9. Amongst colleagues

GNS: Richard Roud [a critic for Cahiers du Cinema, Sight & Sound and the Guardian, Cinema One author and director of both the London and New York Film Festivals] was someone who had real gifts.

PH: Richard was great. We were colossal friends.

GNS: I think you leant on him intellectually [more] than with other people you had working for you?

PH: I hope I didn’t lean. Well, I certainly couldn’t discuss ideas and things with Peter John, but I did with Tom and David and so on. But yes, Richard did have his French connections. He certainly broadened the magazine out in some ways. Look at the [London Film] Festival when he was running it. It was great.

Houston with Richard Roud

Houston with Richard Roud

CD: How did the programming of the NFT and the LFF evolve once he left? Did you have the same relationship with Ken Wlaschin, for example?

PH: In the earlier days the NFT office was just down the corridor from us. Once the NFT people moved down to the Southbank there was much less contact. I liked Ken, I thought he was very good, but we never had any close contact.

It made a huge difference – by the end the Institute was split up into all these little [activities]: the Production Board in one place; half the Archive in Berkhamsted; the NFT on the Southbank. From what I gather the people like Nick James now have very little contact with the other departments, whereas we had contact all the time.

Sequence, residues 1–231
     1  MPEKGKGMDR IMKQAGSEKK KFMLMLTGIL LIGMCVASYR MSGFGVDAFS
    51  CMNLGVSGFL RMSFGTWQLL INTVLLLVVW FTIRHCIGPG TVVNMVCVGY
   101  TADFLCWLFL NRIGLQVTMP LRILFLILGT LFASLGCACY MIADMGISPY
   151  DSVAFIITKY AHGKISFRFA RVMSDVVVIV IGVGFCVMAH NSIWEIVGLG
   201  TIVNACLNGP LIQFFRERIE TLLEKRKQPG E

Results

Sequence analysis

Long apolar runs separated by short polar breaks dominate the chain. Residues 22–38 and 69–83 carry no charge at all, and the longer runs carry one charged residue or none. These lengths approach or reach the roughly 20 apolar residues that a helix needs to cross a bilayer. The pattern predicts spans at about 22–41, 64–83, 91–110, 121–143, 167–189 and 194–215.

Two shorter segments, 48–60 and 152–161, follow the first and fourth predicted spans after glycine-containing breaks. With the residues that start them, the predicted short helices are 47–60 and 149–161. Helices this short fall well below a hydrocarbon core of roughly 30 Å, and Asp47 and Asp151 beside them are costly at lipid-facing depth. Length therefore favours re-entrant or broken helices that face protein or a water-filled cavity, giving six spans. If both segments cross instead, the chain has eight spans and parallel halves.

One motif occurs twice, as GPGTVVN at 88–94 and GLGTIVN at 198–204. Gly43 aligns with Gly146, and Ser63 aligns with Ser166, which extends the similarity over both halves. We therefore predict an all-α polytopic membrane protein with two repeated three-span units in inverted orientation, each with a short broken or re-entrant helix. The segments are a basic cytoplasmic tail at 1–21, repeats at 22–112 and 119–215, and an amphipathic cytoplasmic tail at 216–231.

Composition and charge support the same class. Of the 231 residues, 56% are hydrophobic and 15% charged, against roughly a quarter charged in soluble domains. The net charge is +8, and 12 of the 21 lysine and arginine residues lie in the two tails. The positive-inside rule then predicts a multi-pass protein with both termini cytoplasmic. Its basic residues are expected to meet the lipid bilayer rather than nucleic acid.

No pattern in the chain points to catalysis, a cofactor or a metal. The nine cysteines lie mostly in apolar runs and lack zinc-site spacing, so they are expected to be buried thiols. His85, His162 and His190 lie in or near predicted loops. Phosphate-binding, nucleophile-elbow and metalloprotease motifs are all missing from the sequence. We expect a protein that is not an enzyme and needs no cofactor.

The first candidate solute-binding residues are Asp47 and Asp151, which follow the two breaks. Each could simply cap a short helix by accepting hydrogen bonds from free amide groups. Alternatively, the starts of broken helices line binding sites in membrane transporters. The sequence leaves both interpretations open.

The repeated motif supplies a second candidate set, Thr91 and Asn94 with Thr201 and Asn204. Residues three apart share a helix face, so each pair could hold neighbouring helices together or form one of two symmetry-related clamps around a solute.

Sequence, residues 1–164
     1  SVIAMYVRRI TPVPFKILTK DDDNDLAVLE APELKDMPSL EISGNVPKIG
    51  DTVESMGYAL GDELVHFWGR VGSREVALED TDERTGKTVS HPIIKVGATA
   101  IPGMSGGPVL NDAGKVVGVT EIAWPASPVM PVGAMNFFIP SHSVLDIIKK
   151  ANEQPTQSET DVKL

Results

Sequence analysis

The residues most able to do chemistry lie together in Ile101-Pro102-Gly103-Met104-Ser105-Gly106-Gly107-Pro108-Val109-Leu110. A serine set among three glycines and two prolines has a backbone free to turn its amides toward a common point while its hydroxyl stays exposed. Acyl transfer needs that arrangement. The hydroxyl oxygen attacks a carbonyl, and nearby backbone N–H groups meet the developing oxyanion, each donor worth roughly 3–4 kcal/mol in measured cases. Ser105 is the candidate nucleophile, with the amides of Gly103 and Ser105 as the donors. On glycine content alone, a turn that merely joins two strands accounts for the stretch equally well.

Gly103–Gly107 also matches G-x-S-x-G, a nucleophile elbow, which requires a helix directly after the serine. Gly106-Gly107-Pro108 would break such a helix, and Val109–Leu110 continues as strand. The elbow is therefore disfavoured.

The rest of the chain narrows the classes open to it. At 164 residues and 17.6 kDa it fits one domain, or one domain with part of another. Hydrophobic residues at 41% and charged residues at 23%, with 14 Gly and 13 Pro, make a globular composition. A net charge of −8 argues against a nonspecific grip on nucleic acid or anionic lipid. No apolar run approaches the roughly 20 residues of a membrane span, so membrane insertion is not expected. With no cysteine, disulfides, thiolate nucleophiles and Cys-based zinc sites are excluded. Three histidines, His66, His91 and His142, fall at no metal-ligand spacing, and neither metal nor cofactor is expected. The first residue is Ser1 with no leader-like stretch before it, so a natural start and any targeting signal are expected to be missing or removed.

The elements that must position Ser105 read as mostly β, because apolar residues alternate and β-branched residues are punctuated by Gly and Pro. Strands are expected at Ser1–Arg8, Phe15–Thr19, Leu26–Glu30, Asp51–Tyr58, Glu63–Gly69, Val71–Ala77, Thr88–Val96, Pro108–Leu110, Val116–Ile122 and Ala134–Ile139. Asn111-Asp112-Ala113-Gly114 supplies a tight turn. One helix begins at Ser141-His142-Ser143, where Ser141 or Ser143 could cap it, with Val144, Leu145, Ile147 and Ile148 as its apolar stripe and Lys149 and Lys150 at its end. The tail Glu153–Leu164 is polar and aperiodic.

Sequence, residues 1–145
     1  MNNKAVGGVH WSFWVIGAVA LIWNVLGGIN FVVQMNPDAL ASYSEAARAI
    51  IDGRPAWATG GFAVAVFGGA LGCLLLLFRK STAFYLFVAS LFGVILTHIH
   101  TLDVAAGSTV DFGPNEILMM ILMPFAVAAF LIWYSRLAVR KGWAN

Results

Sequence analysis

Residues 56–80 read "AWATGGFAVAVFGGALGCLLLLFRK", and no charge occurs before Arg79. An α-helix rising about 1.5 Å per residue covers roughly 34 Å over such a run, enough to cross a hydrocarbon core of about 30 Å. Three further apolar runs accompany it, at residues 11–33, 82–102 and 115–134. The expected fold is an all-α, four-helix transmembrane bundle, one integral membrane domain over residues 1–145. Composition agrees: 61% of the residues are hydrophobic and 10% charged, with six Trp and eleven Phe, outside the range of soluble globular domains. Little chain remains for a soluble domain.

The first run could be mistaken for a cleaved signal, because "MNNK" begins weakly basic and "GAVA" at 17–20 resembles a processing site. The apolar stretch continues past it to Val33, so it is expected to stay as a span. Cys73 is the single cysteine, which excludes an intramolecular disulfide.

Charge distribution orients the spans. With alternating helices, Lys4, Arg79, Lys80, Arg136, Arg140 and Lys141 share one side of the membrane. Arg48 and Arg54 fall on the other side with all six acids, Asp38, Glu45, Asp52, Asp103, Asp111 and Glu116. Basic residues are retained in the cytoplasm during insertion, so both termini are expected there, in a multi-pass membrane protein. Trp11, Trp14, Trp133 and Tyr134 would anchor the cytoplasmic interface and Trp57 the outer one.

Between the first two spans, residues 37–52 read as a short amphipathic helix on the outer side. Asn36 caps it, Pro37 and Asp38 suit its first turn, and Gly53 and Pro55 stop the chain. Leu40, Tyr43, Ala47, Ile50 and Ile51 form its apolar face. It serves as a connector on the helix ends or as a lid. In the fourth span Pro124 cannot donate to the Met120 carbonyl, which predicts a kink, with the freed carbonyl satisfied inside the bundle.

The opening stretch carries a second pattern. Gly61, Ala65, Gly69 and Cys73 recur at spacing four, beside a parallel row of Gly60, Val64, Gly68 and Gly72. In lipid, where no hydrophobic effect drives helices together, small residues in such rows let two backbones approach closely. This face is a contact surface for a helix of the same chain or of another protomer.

CD: And do you think that’s the way the BFI should be?

PH: I think it made it a more interesting and attractive place to work because there were all these different people. If you’re having a whole collection of different people in different places they might well be working for different organisations, [disregarding the] infrastructure.

GNS: In the 60s and 70s you could draw on people from all over the Institute to write articles in Sight & Sound. There are still a few, but I think the number dwindled.

PH: Oh, I’m sure it did. You would only work at the Institute if you were mad about films, really, apart from the accountants and those sorts. I mean, somebody like Leslie [Hardcastle] was mad in a quite different way to me, and Richard Roud was different again, and heaven knows Ernest Lindgren was different – but we all, and a lot of others, were united in being crazy about movies. I don’t think that applies any longer, at least not from what I hear.

Likewise the directors of the BFI were all a mix of different things. Denis had been in the army; I suppose you could say James too – his main experience seemed to have been town major of Paris or something. Stanley was a schoolmaster. Lucas came out of advertising. Tony was an academia-plus-television person. I don’t know what Wilf started at. But I get the feeling that now you couldn’t run a place like the BFI unless you’ve done some ghastly arts-administration course. And what first-class person would want to do an arts administration course – actually going to university and learning all that boring stuff?